WOODEN DOOR FRAMES

What are wooden door frames?

Wooden door frames are manufactured items out of various timbers that are built into the openings of walls in buildings.

They allow the door to be hung in such a way that the door can open and close easily and they help seal the room once the door is in a closed position.

What are the different types of wooden door frames?

Wooden door frames generally fall into 3 different categories: Interior door frames, exterior door frames and door jambs.

Almost all door frames can be used for both inside (interior) and outside (exterior) doors.

However depending on how the external door frames are being built in it may be necessary to make use of a cill.

Cills are used to prevent the elements from entering the house under the door by allowing the door to sit flush against the rebate on the cill.

There is no real difference between interior door frames and exterior door frames other than if a cill is required to be used.

Door jambs are also a type of door frame, but are slightly different.

Door jambs, otherwise known as jamb liners are most often used for interior doors.

Door jambs are considerably wider than even the biggest door frames. They are generally available in two widths 130mm for single brick walls and 250mm for double brick walls.

When using door jambs you have the additional option of finishing off the installation by using architraves around the frame.

Architraves are basically a continuation of the skirting’s that boarder a room. It finishes off the door frame beautifully as it borders the installation giving it a much fuller appearance.

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How are wooden door frames constructed?

Wooden door frames are made up out of the following components.

The uprights or vertical pieces are called door frame styles, the top horizontal piece is call the door frame head and on occasion when an external door frame is used on the outside you would use a cill on the bottom.

The two horizontal short pieces that extent beyond the styles are called the horns.

Together they allow the door to be hung in such a way that the door can open and close easily and they help seal the room once the door is in a closed position.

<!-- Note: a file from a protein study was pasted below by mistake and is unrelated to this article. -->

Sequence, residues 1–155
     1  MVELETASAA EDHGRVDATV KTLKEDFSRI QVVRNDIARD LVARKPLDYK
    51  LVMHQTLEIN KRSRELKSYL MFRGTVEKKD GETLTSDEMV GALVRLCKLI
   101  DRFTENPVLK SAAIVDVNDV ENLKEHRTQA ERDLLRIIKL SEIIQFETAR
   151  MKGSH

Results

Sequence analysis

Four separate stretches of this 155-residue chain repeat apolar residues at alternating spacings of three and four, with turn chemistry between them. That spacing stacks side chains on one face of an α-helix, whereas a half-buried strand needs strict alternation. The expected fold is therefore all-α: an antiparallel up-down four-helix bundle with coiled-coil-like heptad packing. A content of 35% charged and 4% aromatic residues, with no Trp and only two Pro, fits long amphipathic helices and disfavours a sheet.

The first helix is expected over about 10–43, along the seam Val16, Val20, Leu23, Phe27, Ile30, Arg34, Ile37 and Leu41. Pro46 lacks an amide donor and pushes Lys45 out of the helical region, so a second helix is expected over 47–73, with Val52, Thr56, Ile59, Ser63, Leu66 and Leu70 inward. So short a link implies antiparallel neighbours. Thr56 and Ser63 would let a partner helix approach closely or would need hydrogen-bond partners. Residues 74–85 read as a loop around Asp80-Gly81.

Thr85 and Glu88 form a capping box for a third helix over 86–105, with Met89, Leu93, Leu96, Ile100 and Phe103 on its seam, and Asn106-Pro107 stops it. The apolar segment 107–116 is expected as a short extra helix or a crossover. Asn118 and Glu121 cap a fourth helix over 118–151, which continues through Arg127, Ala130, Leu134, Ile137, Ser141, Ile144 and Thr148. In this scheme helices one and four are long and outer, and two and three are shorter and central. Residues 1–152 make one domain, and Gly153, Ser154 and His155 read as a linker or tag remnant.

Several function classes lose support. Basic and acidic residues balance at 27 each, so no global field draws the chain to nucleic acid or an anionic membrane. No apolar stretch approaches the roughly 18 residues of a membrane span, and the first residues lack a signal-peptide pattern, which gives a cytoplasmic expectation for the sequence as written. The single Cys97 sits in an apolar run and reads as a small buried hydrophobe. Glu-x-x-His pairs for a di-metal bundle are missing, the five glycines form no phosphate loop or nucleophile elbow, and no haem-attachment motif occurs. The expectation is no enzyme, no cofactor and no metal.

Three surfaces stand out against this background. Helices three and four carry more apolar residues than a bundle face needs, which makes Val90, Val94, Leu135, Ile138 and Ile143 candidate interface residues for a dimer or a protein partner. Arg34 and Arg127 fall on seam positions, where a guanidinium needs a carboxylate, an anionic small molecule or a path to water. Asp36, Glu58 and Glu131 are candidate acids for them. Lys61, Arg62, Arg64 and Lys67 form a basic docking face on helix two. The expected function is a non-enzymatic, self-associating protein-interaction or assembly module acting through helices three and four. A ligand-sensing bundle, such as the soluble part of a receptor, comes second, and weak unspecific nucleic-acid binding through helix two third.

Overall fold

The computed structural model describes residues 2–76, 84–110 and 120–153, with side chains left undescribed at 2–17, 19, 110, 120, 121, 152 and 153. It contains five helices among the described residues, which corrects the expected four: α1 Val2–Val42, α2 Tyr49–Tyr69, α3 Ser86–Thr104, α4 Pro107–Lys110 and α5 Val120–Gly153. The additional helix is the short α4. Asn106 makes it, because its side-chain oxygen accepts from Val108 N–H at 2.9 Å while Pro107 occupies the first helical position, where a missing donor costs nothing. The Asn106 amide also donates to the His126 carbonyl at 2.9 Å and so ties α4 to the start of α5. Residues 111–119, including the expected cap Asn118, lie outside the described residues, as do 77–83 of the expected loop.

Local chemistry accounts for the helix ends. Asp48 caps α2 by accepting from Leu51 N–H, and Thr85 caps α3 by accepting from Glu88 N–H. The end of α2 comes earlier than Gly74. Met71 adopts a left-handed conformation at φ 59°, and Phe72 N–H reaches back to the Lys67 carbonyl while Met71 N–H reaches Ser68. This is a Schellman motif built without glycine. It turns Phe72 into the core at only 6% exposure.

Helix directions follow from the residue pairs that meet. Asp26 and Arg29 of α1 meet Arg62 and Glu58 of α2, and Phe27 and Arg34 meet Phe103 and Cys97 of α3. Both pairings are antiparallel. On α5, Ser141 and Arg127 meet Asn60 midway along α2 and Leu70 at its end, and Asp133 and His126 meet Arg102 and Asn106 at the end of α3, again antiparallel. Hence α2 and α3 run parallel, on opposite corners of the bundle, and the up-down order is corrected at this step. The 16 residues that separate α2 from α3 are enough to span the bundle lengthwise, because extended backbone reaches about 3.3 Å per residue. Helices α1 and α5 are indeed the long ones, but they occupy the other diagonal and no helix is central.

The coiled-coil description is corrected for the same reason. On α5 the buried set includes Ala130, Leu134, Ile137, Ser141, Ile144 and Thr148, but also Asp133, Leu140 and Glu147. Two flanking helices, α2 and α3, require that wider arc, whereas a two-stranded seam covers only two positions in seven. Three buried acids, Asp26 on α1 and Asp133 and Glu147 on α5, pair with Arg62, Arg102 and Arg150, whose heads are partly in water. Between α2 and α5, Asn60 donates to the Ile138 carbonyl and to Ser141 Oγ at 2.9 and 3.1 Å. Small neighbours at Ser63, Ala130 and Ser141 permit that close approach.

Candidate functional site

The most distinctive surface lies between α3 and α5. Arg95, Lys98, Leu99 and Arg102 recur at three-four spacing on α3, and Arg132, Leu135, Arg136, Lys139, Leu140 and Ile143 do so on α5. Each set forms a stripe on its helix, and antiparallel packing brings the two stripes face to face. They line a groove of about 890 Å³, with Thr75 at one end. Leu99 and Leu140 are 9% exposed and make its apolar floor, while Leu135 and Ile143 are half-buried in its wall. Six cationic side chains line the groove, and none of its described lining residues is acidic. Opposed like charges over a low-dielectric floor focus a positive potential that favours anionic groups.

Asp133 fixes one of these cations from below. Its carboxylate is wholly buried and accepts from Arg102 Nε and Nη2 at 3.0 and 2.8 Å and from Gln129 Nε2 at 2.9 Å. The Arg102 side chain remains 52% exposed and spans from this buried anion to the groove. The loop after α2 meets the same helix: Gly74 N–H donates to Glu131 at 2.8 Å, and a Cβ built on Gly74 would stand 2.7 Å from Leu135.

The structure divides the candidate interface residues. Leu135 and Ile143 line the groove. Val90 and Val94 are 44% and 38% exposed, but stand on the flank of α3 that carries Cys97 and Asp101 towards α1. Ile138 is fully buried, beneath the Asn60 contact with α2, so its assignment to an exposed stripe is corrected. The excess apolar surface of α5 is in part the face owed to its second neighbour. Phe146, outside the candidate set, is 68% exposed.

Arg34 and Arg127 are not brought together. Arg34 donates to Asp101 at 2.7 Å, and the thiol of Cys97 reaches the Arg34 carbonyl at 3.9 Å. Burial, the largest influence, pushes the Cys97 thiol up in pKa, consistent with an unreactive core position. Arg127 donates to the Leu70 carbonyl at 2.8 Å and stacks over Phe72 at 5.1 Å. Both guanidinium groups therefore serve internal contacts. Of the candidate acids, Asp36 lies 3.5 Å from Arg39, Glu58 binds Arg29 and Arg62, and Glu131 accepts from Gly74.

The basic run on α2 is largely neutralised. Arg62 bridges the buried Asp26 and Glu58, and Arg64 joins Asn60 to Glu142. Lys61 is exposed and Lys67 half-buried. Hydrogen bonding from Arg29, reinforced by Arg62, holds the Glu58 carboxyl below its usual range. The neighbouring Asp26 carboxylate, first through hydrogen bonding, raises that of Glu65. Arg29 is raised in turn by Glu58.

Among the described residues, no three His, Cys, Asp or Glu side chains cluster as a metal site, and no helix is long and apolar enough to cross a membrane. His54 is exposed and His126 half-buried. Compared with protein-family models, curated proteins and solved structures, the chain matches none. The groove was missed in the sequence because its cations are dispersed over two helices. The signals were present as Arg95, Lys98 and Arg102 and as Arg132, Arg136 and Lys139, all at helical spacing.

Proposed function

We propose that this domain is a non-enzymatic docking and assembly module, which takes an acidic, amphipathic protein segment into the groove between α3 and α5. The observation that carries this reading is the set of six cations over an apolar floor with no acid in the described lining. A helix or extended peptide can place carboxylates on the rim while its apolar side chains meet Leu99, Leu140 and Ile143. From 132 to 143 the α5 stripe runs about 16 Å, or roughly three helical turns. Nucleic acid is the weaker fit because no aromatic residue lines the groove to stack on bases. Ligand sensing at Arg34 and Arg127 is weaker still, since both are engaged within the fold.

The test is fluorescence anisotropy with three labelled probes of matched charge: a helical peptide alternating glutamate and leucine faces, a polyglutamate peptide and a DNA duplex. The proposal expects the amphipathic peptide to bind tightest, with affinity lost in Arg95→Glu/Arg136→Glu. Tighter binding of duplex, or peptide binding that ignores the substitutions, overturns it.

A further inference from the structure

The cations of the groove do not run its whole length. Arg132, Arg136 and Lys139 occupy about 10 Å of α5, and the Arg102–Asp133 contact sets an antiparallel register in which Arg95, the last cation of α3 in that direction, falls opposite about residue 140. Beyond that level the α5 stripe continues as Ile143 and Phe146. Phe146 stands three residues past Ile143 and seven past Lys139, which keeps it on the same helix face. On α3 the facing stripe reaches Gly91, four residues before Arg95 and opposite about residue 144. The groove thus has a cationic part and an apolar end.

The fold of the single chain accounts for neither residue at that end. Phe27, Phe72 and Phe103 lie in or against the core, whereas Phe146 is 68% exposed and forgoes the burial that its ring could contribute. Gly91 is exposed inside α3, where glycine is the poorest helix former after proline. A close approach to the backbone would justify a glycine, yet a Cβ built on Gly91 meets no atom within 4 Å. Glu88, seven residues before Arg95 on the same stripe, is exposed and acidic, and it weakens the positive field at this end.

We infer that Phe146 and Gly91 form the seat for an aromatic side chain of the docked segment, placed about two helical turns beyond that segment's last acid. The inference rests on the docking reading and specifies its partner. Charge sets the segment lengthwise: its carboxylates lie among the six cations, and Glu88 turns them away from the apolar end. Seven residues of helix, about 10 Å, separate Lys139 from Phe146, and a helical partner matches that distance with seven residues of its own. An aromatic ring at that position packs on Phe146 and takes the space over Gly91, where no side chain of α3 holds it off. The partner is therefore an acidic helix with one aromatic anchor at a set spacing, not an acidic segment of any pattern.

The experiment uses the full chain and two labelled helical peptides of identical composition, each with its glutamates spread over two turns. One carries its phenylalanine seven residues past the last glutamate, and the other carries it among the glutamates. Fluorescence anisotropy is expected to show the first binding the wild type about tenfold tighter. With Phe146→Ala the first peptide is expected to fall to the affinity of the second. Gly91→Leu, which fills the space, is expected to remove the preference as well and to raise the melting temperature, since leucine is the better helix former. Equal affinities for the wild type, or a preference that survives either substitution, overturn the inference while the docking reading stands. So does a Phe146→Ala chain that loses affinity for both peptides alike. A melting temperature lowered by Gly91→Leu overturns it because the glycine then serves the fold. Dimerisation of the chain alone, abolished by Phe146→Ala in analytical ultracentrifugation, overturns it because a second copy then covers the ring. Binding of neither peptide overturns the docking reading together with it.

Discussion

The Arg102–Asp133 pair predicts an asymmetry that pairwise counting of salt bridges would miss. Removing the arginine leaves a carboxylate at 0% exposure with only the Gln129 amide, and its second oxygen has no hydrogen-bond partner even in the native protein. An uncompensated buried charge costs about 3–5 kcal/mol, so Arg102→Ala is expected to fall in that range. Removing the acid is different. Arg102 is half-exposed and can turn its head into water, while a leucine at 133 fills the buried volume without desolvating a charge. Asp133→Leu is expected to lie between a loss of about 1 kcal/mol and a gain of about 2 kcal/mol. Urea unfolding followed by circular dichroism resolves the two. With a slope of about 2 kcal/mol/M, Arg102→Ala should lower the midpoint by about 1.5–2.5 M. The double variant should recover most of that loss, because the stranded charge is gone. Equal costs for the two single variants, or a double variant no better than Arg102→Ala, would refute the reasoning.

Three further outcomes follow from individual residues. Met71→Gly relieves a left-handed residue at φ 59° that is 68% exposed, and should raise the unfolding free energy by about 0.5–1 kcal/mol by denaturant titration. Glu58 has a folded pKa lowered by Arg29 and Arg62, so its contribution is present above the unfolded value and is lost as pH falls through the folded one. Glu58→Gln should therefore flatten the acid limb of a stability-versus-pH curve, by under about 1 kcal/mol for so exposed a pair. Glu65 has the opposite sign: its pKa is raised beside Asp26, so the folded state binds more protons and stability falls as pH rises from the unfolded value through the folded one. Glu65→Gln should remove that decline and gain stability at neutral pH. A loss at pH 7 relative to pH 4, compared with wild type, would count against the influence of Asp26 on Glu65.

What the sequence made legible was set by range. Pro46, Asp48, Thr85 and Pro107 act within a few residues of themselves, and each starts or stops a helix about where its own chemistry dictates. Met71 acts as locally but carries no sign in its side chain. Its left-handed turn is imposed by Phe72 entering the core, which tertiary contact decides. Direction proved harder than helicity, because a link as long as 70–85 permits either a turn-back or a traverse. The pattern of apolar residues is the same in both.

What timbers are wooden door frames made out of?

Most commercially available wooden door frames that are manufactured in South Africa are made out of three different timber species.

Hardwood door frames are manufactured out of either Meranti or Eucalyptus, and are used primarily for exterior door frames due to their superior strength.

Eucalyptus hardwood door frames are primarily available in 2 sub species: Saligna which is locally grown in South Africa, or Grandus that is imported from South America.

Softwood door frames are primarily manufactured out of Pine. These are most commonly used for interior door frames.

Hardwood door frames are far more durable than the Pine softwood door frames against the elements.

The most important factor in the preparation of all door frame material is that it needs to be kiln dried to about 13% moisture content. This stabilises the timber so that it stays straight and doesn’t warp after the doors are hung on the frame, and after exposure to the elements in the case of exterior door frames.

What types of wooden doorframe profiles are available?

A wooden door frame profile is the width and thickness of each of the components that make up the door frame.

In South Africa there are no set standards according to SABS however some sizes are more recognised than other e.g. 42mm x 65 and 42mm x 86 as well as 52mm x 86mm.

Generally speaking the thinner the timber door frame profile the cheaper the door frame.

The cheapest hardwood door frame sections that you can but are a 44mm x 60mm Meranti Door frame or a 35mm x 76mm Grandus Door Frame.

The absolute cheapest timber door frame is a Pine door frame but we wouldn’t advocate pine door frames as they are softwood which is generally unstable.

What are the standard sizes of wooden door frames that are available?

In South Africa there are standard door frame sizes that fit off the shelf doors.

These sizes are as follows:

STANDARD HEIGHT WOODEN DOOR FRAMES

762 mm x 2032 mm
813 mm x 2032 mm
900 mm x 2032 mm
1200 mm x 2032 mm
1530 mm x 2032 mm
1630 mm x 2032 mm

TALL WOODEN DOOR FRAMES or EXTRA HEIGHT WOODEN DOOR FRAMES

813 mm x 2320 mm
900 mm x 2320 mm
1200 mm x 2320 mm
1530 mm x 2320 mm
1630 mm x 2320 mm